Why California is still drought despite heavy snowfall this season

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Over the past two days, several waves of moisture have brought to the highest peaks of the Sierra a few inches of layered snow. According to a tweet posted Tuesday morning by UC Berkeley’s Central Sierra Snow Lab, the venue for snow measurements at the Donner Summit received more snow than the average for this point in the season. This is certainly a good sign, but it does not mean the end of drought conditions for the state, especially since these figures relate to one point and do not represent other parts of the Sierra snow cover. While many places in Central Sierra have made snowfall this season almost above average, some parts of Northern Sierra have been short. Melting snow from this region flows into Lake Shasta and Lake Oroville, two of the largest bodies of water in California. As of Tuesday morning, Lake Shasta was at 40% capacity and Lake Aroville – at 55% capacity. After heavy thunderstorms in the first half of the season, significant melting in November and January washed away the snow wool much faster than usual. Part of this molten runoff was in water bodies, but part could also sublimate. This means that part of the solid snow has evaporated and directly turned into water vapor. | BOTTOM VIDEO What to expect with rain, snow on Tuesday. Another interesting trend that should be noted is the snowfall over the past few seasons. In particular, for the center of the snow laboratory in 2021 and 2020, the total amount of snowfall was much lower than the average season. So even though this year has been improved, the snow was not enough to make up for the two dim seasons. The same can be said about the rains in the valley. From October 1, 16.39 inches of rain fell in the center of Sacramento. That’s slightly below the 18.28-inch average for this point, but much better than last year’s 7.74 inches and 10.611 inches in 2019-2020. At this point in the season we can’t count on heavy rain or a snowstorm to interrupt the long-standing drought. But any extra rainfall can be helpful to retain moisture in the ground, slightly pushing back the high risk of fire

Over the past two days, several waves of moisture have brought a few inches of snow to the highest peaks of the Sierra.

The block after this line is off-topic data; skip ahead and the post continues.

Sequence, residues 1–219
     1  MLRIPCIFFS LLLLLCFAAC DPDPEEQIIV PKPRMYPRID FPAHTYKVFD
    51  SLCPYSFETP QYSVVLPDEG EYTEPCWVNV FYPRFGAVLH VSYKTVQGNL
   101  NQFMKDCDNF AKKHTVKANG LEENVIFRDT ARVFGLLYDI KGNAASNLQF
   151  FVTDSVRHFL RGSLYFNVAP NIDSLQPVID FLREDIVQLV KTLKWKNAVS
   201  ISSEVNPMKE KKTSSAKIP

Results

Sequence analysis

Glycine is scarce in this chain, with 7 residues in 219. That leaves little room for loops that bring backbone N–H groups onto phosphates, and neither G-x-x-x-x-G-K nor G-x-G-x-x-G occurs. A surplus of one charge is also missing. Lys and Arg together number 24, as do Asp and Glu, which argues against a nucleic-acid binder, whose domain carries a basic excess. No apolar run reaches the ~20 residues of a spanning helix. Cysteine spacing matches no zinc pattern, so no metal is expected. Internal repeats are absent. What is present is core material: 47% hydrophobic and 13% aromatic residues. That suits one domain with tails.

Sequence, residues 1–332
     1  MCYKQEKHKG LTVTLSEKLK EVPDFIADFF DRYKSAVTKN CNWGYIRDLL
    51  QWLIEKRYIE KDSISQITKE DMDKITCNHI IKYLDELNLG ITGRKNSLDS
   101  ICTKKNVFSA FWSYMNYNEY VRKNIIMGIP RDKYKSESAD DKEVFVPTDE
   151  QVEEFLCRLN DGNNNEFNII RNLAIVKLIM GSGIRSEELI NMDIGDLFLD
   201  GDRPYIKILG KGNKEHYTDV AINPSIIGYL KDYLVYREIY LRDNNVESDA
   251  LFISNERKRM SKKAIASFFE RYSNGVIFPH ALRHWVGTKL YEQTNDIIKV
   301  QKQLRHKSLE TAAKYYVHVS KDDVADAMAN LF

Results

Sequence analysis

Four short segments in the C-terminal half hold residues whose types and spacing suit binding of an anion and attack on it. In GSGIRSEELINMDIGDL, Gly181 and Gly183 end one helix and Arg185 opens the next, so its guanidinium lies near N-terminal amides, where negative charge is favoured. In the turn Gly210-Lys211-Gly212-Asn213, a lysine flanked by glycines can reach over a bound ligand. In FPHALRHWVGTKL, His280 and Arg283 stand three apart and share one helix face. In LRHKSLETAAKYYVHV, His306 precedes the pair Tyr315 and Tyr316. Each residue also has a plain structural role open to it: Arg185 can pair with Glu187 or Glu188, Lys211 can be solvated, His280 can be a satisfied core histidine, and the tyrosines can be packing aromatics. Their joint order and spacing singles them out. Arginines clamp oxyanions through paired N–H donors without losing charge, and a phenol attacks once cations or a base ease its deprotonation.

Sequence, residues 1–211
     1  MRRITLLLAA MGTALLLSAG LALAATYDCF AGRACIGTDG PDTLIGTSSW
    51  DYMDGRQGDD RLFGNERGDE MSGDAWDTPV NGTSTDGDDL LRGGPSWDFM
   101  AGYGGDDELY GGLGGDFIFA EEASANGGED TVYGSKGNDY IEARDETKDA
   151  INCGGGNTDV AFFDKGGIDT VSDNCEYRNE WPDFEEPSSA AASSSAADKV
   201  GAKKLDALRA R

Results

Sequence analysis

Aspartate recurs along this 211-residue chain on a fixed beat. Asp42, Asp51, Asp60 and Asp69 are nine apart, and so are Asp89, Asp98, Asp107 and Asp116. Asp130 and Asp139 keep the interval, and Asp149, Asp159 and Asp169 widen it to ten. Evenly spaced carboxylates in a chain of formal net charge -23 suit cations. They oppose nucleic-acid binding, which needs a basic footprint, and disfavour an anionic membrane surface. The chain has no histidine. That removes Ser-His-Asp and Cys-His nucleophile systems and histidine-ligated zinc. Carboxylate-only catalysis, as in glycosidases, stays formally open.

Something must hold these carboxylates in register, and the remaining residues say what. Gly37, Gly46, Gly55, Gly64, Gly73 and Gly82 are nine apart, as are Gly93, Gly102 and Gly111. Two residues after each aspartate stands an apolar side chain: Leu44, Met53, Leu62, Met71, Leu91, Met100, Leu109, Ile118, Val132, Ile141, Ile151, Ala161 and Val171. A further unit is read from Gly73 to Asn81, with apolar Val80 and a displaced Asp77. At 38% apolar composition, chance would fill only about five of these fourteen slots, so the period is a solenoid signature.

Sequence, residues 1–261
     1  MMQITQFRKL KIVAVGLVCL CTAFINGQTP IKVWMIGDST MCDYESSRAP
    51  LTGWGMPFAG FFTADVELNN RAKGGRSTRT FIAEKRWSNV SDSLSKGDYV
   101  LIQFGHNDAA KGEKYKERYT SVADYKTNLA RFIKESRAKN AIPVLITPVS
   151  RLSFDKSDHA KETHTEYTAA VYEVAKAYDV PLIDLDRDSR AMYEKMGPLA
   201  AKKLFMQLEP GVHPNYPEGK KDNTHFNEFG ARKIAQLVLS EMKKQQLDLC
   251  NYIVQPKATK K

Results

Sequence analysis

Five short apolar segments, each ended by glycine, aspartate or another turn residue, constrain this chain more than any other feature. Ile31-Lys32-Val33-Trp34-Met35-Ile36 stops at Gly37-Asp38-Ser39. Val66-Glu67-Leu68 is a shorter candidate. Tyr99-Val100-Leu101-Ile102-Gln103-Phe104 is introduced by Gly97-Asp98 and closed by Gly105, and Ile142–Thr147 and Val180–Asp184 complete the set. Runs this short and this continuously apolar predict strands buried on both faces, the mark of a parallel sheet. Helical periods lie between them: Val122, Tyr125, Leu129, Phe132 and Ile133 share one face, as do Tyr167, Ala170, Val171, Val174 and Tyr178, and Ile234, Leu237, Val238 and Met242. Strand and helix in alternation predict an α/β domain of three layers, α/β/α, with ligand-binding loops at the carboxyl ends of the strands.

According to a tweet posted Tuesday morning by the California Central Snow Lab in Berkeley, more snow fell at the snow-measuring site at the Donner summit than the average for the moment this season.

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This is certainly a good sign, but it does not mean the end of drought conditions for the state, especially since these figures are given for one point and do not represent other parts of the Sierra snow cover.

Although this season in many parts of Central Sierra snowfall was almost above average, in some parts of the Northern Sierra was not enough. Melting snow from this region flows into Lake Shasta and Lake Oroville, two of the largest bodies of water in California. As of Tuesday morning, Lake Shasta was at 40% capacity and Lake Aroville – at 55% capacity.

After heavy thunderstorms in the first half of the season, significant melting in November and January washed away the snow wool much faster than usual. Part of this molten runoff was in water bodies, but part could also sublimate. This means that part of the solid snow has evaporated and turned into water vapor again.

| BOTTOM VIDEO What to expect with rain, snow on Tuesday

Another interesting trend that should be noted is the snowfall over the past few seasons. In particular, for the center of the snow laboratory in 2021 and 2020, the total amount of snowfall was much lower than the average season. So even though this year has been improved, the snow was not enough to make up for the two dim seasons.

The same can be said about the rain in the valley. From October 1, 16.39 inches of rain fell in the center of Sacramento. That’s slightly below the 18.28-inch average for this point, but much better than last year’s 7.74 inches and 10.611 inches in 2019-2020.

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Total rainfall for the season was the best this year compared to recent years, but that was not enough to erode concerns about the growing drought.

At this point in the season we can’t count on heavy rain or a snowstorm to eliminate the long drought. But any extra rainfall can be helpful to retain moisture in the ground, slightly pushing back the high risk of fire

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